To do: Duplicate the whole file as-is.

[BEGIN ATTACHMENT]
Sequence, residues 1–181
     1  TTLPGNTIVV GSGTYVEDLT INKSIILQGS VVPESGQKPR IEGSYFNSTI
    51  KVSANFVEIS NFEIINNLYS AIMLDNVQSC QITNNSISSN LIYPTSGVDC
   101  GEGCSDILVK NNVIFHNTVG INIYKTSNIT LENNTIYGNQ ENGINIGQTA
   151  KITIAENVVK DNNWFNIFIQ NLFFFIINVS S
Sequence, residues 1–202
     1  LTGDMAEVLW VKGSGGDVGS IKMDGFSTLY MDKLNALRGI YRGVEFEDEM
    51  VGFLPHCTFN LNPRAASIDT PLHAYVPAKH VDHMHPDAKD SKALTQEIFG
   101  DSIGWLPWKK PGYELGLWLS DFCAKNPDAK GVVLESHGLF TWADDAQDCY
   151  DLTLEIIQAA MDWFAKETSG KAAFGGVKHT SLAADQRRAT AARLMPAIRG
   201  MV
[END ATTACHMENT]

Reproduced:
Sequence, residues 1–181
     1  TTLPGNTIVV GSGTYVEDLT INKSIILQGS VVPESGQKPR IEGSYFNSTI
    51  KVSANFVEIS NFEIINNLYS AIMLDNVQSC QITNNSISSN LIYPTSGVDC
   101  GEGCSDILVK NNVIFHNTVG INIYKTSNIT LENNTIYGNQ ENGINIGQTA
   151  KITIAENVVK DNNWFNIFIQ NLFFFIINVS S
Sequence, residues 1–202
     1  LTGDMAEVLW VKGSGGDVGS IKMDGFSTLY MDKLNALRGI YRGVEFEDEM
    51  VGFLPHCTFN LNPRAASIDT PLHAYVPAKH VDHMHPDAKD SKALTQEIFG
   101  DSIGWLPWKK PGYELGLWLS DFCAKNPDAK GVVLESHGLF TWADDAQDCY
   151  DLTLEIIQAA MDWFAKETSG KAAFGGVKHT SLAADQRRAT AARLMPAIRG
   201  MV